Perhaps the most memorable of these moments was one that came with immediate justification on the air. During the 1992 MLB Playoffs, McCarver began to criticize Deion Sanders while he was at the plate for playing in both that game and a NFL football game on the same day.
After the game was over, McCarver was in the clubhouse of the NL Champion Atlanta Braves conducting interviews when (after hearing of McCarver's criticism) Deion dumped not one, not two but three buckets of water on McCarver's head. McCarver screamed out, "You're a real man, Deion. I'll say that." Finally, a quote of truth.
McCarver's criticism hasn't stopped there, taking heat for comparing Joe Torre's coaching to how Nazi Germany treated its generals in 2008. Tim was forced to apologize. A solid No. 4 and could be on the move up should he continue his line of work.
"Deion, we hardley knew ye" - ESPN.com
No. 3: Dan Fouts
Dan Fouts never won a Super Bowl, but you'd never know that since he may be the best QB ever in his mind.
Ezra Shaw/Getty Images
Dan Fouts-NFL Color Commentator, CBS Sports
It's great to have former players calling the games, as they do introduce a lot of insight as to what is happening on the field, as well as certain situations that they're familiar with. What you get with Dan Fouts, on the other hand, is a self-glorification session in which he is in a constant state of comparing what just happened to a throw he made in 1979.
After bouncing around and not giving it up, Fouts is now on the No. 3 NFL commentating team on CBS with Ian Eagle. He does deliver valid points and stats to fit his arguments, but his constant droning on about his playing career makes him unbearable to listen to and fits in at No. 3 on this countdown as well.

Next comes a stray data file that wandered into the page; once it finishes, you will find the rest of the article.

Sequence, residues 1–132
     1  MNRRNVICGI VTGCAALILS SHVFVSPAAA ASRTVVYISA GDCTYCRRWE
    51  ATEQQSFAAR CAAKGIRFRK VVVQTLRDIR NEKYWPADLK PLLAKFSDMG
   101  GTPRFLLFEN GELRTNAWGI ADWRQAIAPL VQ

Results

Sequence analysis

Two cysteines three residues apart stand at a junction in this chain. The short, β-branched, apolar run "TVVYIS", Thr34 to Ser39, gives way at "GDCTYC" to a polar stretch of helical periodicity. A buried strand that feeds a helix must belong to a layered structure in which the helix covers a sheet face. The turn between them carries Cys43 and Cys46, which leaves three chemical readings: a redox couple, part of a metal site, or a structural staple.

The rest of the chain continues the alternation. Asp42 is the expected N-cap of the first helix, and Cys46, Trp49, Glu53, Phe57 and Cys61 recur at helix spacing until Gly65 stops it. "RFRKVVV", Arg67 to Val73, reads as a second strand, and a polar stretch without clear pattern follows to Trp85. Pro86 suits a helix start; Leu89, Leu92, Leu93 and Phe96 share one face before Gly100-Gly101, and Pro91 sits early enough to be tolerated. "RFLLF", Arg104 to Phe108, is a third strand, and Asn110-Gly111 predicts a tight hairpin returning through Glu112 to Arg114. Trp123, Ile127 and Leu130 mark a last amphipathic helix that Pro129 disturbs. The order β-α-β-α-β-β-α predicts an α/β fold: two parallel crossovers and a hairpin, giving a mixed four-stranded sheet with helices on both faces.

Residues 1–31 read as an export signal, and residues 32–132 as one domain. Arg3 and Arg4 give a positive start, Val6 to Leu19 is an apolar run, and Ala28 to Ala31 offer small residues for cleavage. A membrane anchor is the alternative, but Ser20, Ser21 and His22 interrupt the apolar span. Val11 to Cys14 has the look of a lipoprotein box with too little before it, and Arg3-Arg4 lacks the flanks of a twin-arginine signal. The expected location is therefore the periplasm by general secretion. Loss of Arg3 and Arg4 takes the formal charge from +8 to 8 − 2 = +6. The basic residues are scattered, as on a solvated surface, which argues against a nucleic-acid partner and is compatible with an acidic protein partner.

No. 2: Cris Collinsworth
Collinsworth is full of failed jokes, terrible analogies, and baseless judgement.
Scott Halleran/Getty Images
Cris Collinsworth-NFL Color Commentator/Analyst, NBC Sports
You'd be hard-pressed to find a commentator more annoying than the little weasel Cris Collinsworth.
Yes, I realize he played for the Bengals, even making it to the cover of Sports Illustrated. But his physique is more suited to be facing cans on a grocery store shelf. For being on the scene as long as he has, I'm guessing he has to be best friends with the guy who is in charge of his job at NBC.
A great example of Cris can be found on YouTube. The silence after the joke says it all.
In December of 2011, Collinsworth was voted as the worst commentator on television by NFL players in a poll in Sports Illustrated. All we can do is pray that he is removed soon.
No. 1: Trev Alberts
Trev Alberts is the worst TV sports personality of the past 10 years, and maybe all-time.
Trev Alberts-College Football Analyst, ESPN
Nebraska, Nebraska, Nebraska, Nebraska, Nebraska, Nebraska and maybe Nebraska, too.
Hey, did you know he went to Nebraska?
The ultimate delusional homer. You couldn't mention Big 12 sports without him throwing in his opinion about where Nebraska fit in with it. After being fired by ESPN in 2005, Alberts continued to harass the sports viewing public with jobs at TNT and CBS. After failure overtook him on that level, the University of Nebraska-Omaha made a decision they would soon regret by hiring him as their Athletics Director.
In March of 2011, the UNO's regents approved an awful measure from Alberts, who axed their football and wrestling programs, the two programs in which they've won their most recent national championships. Alberts' reasoning was to rejoin the Summit League of Division 1.
Remember how King Midas would touch things and they'd turn into gold? That's kind of how Trev Alberts is, except everything he touches turns into shambles. Trev, your face should be next to "Epic Fail" in some sort of reference book...you are without a doubt, the worst sports television personality of the past 10 years.
Well, that's the list. Without a doubt, you have seen some commentators that you believe belong on this list, some that were forgotten and maybe you even see one on here that leaves you saying, "But wait, I love that guy!"
Got a problem? Mad? Real mad? Let me know in the comments.